One of the things usually taken to be distinctive of mathematical and logical truth is that such truths are in some very strong sense necessary, i.e., they could not have been false. Assuming that it is in fact true that 2 + 2 = 4, how could that have failed to be true? (Or, to take a logical example: How could it fail to be true that, if Goldbach's conjecture is true and the twin prime conjuecture is also true, then Goldbach's conjecture is true?) Presumably, the answer to this question depends upon what, precisely, one thinks "2 + 2 = 4" means, but it is hard to see how one could accept the statement that 2 + 2 = 4 as both meaningful and true and think that it might not have been true. It's important to be clear that this statement does not say anything about how actual objects behave, e.g., that if you put two oranges on a table with two apples and no other pieces of fruit, then you'll have four pieces of fruit. Weird things might happen in some worlds, but that would not make it false in that world that 2 + 2 = 4. It might make it uninteresting or irrelevant, but that is all. It's also important to be clear that we are not talking about whether the sentence "2 + 2 = 4" might have been false. Of course it could have been false, since "4" could have meant what "5" means, and then "2 + 2 = 4" would have meant what "2 + 2 = 5" does mean and so would have been false.
Precisely what makes the statement that 2 + 2 = 4 true is not a question I'm prepared to answer here, however. (I'm not sure I'm prepared to answer it anywhere.)
The question about physical law is less clear. Some people have entertained the view that the most fundamental physical laws are, like mathematical laws, necessary, i.e., that there could not have been a world in which they were false. Sometimes this view seems to be tied up with some idea of the form: The laws are what tell us what mass, force, etc, are, and so if those laws did not hold, there wouldn't be masses, forces, etc. (Thomas Kuhn held a view of this sort at some times.) But most people seem not to care for this view and so regard the laws of physics as contingent, i.e., not necessary. That is just to say that the laws might have been otherwise. As has been noted by Hawking, among many others, universes in which the laws were different probably would not support life, or even be very stable. Our universe seems to be "just right", as Goldilocks famously said. But that does not mean there could not have been such universes, and some physicists, like Hawking, again, actually think there are all those other universes. (For what it's worth, however, and while we're on the topic, I think Hawking's recent remarks on the relevance of all of this to the question whether there is a divine being are not worthy of a man of his intelligence.)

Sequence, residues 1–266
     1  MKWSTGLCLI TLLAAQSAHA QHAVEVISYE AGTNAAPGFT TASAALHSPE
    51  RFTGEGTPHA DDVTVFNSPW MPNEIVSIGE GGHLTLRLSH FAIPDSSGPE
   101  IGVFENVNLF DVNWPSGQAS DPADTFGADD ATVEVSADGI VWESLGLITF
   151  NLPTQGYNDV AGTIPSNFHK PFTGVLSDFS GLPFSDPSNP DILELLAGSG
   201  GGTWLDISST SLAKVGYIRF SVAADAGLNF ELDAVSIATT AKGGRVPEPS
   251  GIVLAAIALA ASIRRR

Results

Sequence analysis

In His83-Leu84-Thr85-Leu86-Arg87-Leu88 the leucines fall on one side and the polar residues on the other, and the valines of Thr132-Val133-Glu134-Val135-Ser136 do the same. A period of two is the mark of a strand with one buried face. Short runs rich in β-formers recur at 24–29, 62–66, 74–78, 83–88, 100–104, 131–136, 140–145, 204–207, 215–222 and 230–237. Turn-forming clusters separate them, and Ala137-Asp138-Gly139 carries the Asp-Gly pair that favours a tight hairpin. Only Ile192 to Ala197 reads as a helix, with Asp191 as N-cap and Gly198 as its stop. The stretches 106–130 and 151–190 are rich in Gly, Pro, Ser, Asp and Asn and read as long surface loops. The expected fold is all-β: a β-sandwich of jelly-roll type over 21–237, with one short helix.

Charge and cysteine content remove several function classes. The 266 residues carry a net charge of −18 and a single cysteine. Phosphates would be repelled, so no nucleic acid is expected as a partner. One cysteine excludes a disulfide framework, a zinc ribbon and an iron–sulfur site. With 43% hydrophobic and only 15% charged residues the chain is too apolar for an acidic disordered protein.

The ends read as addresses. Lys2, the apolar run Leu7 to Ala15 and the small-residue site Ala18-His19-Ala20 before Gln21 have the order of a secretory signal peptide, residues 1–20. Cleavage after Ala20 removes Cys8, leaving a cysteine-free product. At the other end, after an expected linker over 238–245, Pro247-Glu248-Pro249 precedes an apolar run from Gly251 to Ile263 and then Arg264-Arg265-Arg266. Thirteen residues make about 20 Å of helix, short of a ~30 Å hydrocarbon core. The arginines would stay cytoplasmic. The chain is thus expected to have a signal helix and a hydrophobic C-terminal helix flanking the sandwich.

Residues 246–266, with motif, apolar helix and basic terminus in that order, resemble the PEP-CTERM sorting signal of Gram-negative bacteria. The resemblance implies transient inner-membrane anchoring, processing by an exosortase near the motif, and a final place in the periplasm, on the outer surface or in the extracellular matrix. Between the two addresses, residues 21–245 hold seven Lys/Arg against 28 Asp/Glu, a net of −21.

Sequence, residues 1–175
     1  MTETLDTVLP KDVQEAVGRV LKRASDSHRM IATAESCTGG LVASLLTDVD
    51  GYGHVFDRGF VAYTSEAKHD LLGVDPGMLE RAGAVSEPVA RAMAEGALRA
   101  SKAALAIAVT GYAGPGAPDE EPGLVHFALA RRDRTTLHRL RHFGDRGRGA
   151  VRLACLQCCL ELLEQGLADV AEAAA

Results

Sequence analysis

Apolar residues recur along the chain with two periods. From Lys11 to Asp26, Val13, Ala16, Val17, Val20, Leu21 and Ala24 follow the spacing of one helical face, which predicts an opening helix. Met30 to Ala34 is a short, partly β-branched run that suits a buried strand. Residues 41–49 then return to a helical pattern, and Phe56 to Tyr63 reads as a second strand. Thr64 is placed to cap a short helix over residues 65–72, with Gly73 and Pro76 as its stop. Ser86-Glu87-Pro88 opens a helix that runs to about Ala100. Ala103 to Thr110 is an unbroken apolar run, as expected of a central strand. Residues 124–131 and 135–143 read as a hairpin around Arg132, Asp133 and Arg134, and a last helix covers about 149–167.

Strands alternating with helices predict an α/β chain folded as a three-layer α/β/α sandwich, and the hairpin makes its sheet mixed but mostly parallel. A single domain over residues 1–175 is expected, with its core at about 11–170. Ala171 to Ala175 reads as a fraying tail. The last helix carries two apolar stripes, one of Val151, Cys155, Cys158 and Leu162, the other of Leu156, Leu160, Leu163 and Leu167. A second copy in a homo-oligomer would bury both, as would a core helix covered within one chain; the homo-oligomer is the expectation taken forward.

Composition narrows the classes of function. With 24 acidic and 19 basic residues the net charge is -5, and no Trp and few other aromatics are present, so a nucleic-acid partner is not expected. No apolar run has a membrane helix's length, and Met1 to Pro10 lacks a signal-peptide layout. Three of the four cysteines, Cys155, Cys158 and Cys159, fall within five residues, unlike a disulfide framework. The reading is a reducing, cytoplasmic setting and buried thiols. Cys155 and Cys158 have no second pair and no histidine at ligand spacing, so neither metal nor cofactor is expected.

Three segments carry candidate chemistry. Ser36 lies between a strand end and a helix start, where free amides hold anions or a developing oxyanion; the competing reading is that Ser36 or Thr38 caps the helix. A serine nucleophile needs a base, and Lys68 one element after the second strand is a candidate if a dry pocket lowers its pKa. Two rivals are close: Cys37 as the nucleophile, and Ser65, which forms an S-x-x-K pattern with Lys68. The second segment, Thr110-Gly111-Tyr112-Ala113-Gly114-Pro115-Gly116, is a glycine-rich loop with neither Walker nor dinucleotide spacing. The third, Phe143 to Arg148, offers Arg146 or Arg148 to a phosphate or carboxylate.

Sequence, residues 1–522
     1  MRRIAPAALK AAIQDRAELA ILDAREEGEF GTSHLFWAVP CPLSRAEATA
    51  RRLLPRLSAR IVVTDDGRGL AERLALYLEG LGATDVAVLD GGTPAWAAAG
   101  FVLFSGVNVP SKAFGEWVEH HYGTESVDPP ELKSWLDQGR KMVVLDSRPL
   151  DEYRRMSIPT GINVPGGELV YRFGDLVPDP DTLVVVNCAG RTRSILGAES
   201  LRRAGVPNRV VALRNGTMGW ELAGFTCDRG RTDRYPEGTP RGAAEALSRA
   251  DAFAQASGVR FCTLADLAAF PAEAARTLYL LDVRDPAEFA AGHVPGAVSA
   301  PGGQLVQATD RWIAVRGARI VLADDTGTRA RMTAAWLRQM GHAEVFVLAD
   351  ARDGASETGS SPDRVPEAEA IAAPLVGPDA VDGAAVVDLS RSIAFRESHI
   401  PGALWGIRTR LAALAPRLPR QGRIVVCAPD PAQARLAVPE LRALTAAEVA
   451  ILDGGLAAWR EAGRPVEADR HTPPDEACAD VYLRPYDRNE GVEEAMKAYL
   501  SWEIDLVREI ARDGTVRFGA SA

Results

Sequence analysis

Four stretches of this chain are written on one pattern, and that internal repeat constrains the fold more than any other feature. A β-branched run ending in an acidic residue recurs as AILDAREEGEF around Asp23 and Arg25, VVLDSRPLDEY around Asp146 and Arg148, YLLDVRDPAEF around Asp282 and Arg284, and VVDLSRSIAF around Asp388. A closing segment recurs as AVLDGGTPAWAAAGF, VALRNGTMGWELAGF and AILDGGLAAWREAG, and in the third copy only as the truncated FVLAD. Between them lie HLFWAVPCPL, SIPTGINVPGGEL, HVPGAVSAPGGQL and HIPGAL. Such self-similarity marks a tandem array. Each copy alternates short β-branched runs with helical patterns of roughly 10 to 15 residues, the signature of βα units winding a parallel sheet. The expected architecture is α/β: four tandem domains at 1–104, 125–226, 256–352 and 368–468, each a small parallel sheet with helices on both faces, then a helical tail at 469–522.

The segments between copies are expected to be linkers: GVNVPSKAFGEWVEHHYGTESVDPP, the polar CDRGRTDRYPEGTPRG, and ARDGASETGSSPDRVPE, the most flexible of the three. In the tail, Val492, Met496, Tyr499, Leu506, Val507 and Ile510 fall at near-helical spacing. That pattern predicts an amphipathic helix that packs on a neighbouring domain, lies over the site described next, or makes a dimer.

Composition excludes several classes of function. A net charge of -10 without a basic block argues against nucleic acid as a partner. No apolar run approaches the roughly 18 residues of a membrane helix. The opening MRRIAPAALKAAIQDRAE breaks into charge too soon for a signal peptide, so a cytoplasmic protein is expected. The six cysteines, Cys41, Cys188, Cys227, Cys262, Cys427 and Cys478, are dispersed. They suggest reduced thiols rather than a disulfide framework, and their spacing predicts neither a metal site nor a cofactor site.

By the way, you will sometimes see people talk about something called "physical necessity". This is a "relative" form of necessity, and it means: necessary, given the laws of physics. But what is physically necessary need not be necessary in some stronger sense: what could not have been otherwise, period, and not relative to anything else.
So, what do we have? Logical and mathematical truths are necessary. Physical truths are not (assuming we do not take the other view). So the laws of physics could have been otherwise, whereas the laws of logic and mathematics could not.